SARS-CoV-2-Infected Cells Imaged Using Helium Ion Microscopy

SARS-CoV-2-Infected Cells Imaged Using Helium Ion Microscopy


The COVID-19 pandemic is caused by the coronavirus SARS-CoV-2. For the imaging of such viruses, researchers generally use methods such as scanning electron microscopy (SEM). However, this technique requires a conductive sample surface to prevent the formation of an electrostatic charge during measurements. Biological samples such as viruses, thus, need to be coated, e.g., with a thin layer of gold, but this can prevent the imaging of fine details.

In contrast to SEM, which uses an electron beam, helium ion microscopy (HIM) uses a beam of helium ions. This method provides high-resolution images with a large depth of field on a wide range of materials, not only with conductive surfaces. An electrostatic charge on the sample can be prevented by using electron irradiation in addition to the positively charged helium ions.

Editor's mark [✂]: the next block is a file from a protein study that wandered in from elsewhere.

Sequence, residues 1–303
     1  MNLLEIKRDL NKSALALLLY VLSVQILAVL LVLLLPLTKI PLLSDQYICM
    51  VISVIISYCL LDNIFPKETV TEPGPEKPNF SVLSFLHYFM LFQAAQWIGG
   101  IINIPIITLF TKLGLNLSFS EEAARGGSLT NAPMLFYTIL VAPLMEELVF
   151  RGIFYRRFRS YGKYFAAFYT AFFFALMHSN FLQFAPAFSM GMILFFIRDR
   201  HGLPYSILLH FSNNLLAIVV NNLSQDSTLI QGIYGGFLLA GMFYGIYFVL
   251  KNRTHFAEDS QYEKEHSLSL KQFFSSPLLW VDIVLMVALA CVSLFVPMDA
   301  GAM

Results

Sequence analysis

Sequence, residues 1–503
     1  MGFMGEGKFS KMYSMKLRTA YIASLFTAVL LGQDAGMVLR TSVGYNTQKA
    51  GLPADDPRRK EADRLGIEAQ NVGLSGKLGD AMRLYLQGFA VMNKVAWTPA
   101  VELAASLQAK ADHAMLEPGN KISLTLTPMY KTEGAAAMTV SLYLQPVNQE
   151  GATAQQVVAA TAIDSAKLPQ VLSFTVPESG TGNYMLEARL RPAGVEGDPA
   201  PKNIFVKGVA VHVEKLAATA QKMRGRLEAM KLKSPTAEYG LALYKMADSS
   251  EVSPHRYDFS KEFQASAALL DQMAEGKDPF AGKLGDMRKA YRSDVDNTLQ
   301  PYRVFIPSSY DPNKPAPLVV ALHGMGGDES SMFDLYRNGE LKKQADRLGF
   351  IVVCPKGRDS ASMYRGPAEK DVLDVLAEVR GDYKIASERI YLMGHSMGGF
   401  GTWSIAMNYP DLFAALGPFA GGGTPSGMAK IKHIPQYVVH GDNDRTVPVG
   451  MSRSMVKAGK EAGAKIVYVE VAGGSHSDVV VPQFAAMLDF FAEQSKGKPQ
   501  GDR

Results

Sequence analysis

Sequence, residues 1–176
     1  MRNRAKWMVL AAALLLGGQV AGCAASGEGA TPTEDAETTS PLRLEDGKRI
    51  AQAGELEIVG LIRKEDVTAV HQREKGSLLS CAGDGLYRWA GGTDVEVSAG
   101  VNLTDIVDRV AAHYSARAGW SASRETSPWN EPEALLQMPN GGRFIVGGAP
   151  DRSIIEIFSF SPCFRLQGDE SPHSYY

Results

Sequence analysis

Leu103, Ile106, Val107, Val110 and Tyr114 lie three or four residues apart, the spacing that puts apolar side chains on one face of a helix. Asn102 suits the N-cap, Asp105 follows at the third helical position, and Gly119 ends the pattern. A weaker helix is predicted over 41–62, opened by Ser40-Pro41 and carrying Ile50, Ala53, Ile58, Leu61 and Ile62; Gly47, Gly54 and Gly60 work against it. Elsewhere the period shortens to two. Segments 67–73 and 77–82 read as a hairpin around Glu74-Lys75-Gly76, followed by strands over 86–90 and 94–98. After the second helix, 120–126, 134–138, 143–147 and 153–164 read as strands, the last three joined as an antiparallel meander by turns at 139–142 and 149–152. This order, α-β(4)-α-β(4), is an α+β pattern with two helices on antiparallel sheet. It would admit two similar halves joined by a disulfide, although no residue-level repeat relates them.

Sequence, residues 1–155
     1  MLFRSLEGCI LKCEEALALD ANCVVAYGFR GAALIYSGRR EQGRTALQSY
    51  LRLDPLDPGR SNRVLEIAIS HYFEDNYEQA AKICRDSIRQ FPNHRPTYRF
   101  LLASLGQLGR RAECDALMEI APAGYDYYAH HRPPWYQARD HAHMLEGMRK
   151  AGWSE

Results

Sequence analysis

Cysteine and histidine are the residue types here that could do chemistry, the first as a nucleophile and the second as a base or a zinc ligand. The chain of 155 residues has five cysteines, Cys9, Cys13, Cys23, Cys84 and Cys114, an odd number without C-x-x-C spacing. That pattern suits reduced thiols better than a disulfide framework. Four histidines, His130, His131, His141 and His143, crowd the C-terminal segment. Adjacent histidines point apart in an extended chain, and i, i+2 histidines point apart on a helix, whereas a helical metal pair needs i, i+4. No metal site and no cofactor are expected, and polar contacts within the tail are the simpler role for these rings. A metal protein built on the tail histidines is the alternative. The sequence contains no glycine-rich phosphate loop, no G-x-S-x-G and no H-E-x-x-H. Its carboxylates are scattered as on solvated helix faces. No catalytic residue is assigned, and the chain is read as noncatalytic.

Armin Gölzhäuser, Bielefeld University, Germany, and colleagues have imaged the SARS-CoV-2 coronavirus with a helium ion microscope for the first time. The team studied SARS-CoV-2 infected Vero E6 cells, a type of monkey kidney epithelial cell. They were able to visualize the three-dimensional appearance of the SARS-CoV-2 virus and the surface of the Vero E6 cells. The resolution of the method allowed them to distinguish virus particles bound to the cell membrane from virus particles lying on top of the cell membrane.

The team found that after prolonged imaging, He+-beam-induced carbonaceous deposits form, resulting in a thin conductive coating and allowing for further imaging without charge compensation. The work shows the potential of HIM for bioimaging, e.g., for the imaging of virus–membrane and virus–virus interactions.

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